Roy Race as Superhero – his part in my reading life.

royOver the years, as I read more and more about reading, the history of reading and the development of how we read,  it has become very clear that learning to read is a complex business. That, as a Secondary teacher, I get 30 new kids who can read – to varying degrees, yes, but very rarely any single kid who can’t read at all – is a minor miracle. The complexities of symbol recognition, joining with other symbols to make words, sentences, paragraphs, stories is a result of so many changes in how our brains function that I bow down to the work of my Primary colleagues. Hat tip. You do an incredible job there.

The difficulties we experience at Secondary are not or should not be concerned with teaching kids to read but with teaching them to read deeply and creating readers who will do so for pleasure for the rest of their lives. When they struggle to do that, it is often because they have no real bank of knowledge behind them, no real reading histories to hang new things on to. Part of my job, and a fundamental reason why I do the job, is to help them get there, just as I did a whole load of years ago. And Roy Race helped me to do so.

You see, Roy Race saved me from the hell of School Reading Programmes; programmes so designed to ensure that I was reading while removing all the joy from the process. I saw Tom Sherrington use this clip at #TLT14 last year but I think it applies equally well.

[embedyt] http://www.youtube.com/watch?v=bjmfaZyNvDg%5B/embedyt%5D

I’ve discovered through reading ‘some’ research – I’m very wary of every saying ‘the’ research – that programmes like Accelerated Reader increase reading at the time but, once the rewards are taken away, reading actually decreases compared to those who don’t use the programme. But I digress slightly. I want to talk about Roy Race as Superhero. Why is he a  superhero? Well:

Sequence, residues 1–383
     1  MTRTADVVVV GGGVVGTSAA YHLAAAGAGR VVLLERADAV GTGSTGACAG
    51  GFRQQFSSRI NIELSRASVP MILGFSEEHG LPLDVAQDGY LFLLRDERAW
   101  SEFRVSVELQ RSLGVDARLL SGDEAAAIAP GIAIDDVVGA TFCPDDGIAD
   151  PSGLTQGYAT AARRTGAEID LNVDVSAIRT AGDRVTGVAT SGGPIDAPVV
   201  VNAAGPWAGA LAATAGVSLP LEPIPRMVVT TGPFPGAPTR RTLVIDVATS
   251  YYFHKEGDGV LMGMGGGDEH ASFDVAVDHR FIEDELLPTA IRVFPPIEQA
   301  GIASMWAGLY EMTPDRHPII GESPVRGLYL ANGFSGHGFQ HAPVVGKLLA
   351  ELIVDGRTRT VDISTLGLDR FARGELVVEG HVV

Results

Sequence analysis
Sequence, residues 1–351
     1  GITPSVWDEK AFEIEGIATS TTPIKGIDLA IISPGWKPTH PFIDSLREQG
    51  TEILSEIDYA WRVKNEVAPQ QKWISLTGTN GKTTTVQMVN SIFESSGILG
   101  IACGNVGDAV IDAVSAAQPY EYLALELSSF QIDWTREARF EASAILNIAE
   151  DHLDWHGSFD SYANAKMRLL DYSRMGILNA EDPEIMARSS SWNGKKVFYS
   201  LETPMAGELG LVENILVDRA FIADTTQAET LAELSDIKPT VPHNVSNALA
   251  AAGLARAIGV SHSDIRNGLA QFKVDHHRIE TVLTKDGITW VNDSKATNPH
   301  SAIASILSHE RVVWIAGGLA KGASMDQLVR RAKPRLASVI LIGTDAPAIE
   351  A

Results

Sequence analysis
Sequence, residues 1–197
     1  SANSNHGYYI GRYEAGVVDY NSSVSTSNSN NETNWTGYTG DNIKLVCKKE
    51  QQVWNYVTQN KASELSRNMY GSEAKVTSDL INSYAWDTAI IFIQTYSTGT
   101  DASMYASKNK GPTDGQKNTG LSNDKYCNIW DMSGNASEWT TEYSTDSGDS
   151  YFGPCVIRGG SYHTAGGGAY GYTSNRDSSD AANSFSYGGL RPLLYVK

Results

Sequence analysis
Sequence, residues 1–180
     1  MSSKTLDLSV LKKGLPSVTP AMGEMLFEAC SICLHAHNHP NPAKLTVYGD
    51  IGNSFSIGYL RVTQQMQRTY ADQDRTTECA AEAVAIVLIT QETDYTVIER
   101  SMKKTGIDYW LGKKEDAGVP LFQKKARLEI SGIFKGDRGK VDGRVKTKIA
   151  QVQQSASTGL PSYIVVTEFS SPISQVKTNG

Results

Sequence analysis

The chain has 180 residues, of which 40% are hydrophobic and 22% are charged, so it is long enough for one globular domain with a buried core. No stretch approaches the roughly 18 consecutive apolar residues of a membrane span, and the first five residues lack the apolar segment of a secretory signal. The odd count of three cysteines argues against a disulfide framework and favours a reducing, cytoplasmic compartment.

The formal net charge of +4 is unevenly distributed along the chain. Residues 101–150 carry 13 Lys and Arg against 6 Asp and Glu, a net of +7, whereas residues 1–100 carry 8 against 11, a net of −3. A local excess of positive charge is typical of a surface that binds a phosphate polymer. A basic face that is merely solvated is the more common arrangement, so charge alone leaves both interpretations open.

• he was generally mild mannered and loved, during the day,
  • he put on an unusual outfit when he jumped into action
  • he performed miracles nearly every time it was required and
  • he would routinely defeat the evil enemy, sending them back to where they came from.

And he, as much as anyone, turned me into the reader I am today.

‘Roy of the Rovers’ – and for those youngsters who are unaware of this, it was a fabulous graphic novel from the seventies and eighties – would fall through my letterbox every Saturday morning. My dad would shout up to me: ‘Who’s Ray of The Ravers’ is this?’, EVERY SINGLE WEEK just to annoy me but I’d bound down the stairs for it anyway. It had my name on the front and, over the years, I’d build up a perfectly ordered collection which sat on the corner of my room. And I think it was that ownership, that identity with something which was mine and mine only which helped me on my way to being a reader.

What I’ve found over the years is that if you can give kids ownership of what they want to read, no matter how hard it is to find out what they like, then previous negative attitudes to reading for pleasure being to change. Asking parents to subscribe to magazines, with their child’s name on it, means they begin to develop their own wee collections and begin to build a reading history. Reluctant readers often don’t have reading material at home and sometimes library books, while a good start, are not enough.